SCARPIEs across campus are now requiring a student, faculty or staff Identikey login in order to be used, a change that some groups on campus hope will help ensure that students have full access to campus resources.
These public-computer kiosks, situated in various locations campus-wide, are fully funded by student fees and the mandating of Identikey logins is an effort to keep them as resources primarily for student use, said Greg Stauffer, the public relations and communications manager of Information Technology Services.
“I think in requiring authentication we wanted to make sure that students who fund these [SCARPIEs] entirely get the kind of access to them that they desire and without that authentication, anyone can use them at any time,” Stauffer said.
Stauffer said ITS was approached by the University of Colorado Student Government to make the change to the kiosks to better ensure CU students could access the computers when they need rather than allowing any community member to utilize them.
“They [CUSG] approached us and asked us about doing this,” Stauffer said. “We had a conversation with them about it, this was something that student government was very much behind.”
CUSG President Will Taylor, a 23-year-old senior political science and English double-major, said he received student complaints regarding the use of the computers for extended periods of time by people unaffiliated with the university.
“A number of students, myself included, were concerned about their inability to use the SCARPIE computers due to community members not only using the computers, but also ignoring and dramatically exceeding the service’s recommended time limits,” Taylor said.
Robert Axmacher, the investigations bureau commander for the CU Police Department said that CUPD has handled instances of fraud and harassment that have led back to SCARPIE kiosks.
“We have had cases involving either fraud or harassment where the terminals were used either to send harassing messages or otherwise make a fraudulent transaction,” Axmacher said.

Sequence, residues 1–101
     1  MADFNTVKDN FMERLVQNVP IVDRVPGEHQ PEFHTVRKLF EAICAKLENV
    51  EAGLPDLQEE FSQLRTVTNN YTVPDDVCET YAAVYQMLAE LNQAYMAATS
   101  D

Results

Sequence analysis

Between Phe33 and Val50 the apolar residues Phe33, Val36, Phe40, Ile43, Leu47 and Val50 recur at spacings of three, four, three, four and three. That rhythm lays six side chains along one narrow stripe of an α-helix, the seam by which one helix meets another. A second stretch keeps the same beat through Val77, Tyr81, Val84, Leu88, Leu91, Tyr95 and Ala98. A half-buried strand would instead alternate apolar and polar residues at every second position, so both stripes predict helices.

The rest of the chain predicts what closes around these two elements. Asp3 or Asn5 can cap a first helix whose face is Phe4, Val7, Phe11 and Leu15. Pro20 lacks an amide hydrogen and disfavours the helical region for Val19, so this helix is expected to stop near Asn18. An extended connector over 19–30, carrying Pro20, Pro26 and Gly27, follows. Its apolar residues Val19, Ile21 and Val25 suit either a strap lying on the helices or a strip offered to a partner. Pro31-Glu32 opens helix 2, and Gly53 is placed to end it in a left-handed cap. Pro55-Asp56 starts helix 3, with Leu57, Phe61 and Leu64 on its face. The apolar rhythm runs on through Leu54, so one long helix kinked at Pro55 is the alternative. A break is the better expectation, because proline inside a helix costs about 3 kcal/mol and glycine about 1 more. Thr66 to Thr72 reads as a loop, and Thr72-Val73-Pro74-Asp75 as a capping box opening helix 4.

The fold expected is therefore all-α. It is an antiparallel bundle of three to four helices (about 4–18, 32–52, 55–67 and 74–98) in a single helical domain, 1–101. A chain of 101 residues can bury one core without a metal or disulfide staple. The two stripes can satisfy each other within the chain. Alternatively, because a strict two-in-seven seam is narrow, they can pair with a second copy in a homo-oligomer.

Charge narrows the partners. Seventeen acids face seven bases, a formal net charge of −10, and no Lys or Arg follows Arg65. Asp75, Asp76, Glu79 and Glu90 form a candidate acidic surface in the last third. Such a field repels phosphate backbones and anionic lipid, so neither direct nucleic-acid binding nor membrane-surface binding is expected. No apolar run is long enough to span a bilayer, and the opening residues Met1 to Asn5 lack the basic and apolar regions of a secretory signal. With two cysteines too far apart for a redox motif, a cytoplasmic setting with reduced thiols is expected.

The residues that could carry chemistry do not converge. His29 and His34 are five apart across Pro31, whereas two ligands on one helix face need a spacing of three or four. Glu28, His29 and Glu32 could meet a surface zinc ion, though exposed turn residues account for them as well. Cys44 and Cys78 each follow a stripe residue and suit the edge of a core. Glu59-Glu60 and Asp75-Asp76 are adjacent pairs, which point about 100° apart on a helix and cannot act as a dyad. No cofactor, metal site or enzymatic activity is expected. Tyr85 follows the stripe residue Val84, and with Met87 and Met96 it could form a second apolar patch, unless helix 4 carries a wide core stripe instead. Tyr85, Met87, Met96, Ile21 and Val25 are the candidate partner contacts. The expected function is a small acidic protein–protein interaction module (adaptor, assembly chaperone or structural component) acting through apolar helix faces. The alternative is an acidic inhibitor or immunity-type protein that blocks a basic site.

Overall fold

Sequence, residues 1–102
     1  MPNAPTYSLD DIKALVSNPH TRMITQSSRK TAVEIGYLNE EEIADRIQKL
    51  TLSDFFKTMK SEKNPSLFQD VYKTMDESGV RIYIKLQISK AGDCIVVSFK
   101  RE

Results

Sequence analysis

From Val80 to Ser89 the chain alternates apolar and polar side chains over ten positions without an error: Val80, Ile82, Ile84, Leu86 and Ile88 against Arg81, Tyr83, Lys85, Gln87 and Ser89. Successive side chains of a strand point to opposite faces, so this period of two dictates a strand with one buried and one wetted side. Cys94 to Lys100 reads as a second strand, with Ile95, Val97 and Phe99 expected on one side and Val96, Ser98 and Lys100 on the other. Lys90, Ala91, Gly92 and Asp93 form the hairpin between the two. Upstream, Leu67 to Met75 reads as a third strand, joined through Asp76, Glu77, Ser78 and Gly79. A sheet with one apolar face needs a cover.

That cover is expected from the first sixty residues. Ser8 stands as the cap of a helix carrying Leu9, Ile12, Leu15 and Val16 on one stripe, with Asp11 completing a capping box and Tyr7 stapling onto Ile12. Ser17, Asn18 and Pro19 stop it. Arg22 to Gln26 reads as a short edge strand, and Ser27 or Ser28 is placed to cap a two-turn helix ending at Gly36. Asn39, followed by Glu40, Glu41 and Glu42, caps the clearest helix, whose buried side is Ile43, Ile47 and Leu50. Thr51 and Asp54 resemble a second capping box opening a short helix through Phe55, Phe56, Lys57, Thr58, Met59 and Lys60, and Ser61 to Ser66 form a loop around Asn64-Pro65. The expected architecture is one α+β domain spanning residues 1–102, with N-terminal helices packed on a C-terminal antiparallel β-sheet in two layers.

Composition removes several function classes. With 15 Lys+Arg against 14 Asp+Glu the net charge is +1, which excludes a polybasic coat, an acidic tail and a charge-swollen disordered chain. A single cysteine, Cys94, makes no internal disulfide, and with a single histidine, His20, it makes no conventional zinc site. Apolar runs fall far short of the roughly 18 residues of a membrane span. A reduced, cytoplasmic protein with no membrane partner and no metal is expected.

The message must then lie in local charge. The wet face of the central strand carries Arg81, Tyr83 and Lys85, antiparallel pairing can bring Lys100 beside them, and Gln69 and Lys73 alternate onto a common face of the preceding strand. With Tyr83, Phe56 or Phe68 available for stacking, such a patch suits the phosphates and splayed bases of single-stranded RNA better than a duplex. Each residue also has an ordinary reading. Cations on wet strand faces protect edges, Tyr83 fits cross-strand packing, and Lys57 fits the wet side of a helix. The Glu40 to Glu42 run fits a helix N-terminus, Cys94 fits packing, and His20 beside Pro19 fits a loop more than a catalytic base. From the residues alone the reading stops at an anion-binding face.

Axmacher said the challenge for CUPD was often once they had traced these transactions back to the specific computers it was difficult to identify suspects because anyone was capable of using the SCARPIE.
Axmacher said he hoped that by requiring Identikey logins, CUPD would better be able to deal with such situations.
“I think, hopefully, this will help us out in some future situations,” he said. “It’s always nice when things come from a student initiative or student leadership.”
Stauffer said that even when requiring an Identikey login, ITS is not able to monitor the sites visited by someone’s Identikey.
“What we’re focused on is what these kiosks were intended for: student use,” he said. “There’s no policing that sort of thing.”
Christy Horber, a 21-year-old junior architecture major who works as a community support staff member in Bear Creek Apartments, said that she has never received any complaints regarding community members using the SCARPIEs.
“Typically it’s residents [using them] for checking emails to see if we’ve sent them an email regarding packages,” Horber said. “Also, we get tours from transfer students who don’t yet have an Identikey, but they don’t usually use the SCARPIEs, it’s primarily residents.”
Horber said she thinks this change will affect those who are touring the building.
“If someone from the community wanted to use it or parents or someone who’s visiting, it would be harder for them,” she said. “Or they wouldn’t be able to use them at all.”
Stauffer said that during orientation and tours, potential students and their families wouldn’t be completely without access to computers.
“There are some computers still in the libraries that, particularly in Norlin, that ITS doesn’t operate and the libraries do that don’t require authentication,” he said. “Norlin is becoming more that hub, for students that come during tours and orientation, so they remain without needing authentication.”
Stauffer said he thinks overall the change will positively affect the CU community.
“From a student perspective, this is a great thing for them,” he said. “Trying to lock these down is not done to make it harder for folks but to protect resources and computers.”
For a list of SCARPIE locations visit the ITS website.
Contact CU Independent Breaking News Editor Sarah Simmons at Sarah.email@example.com.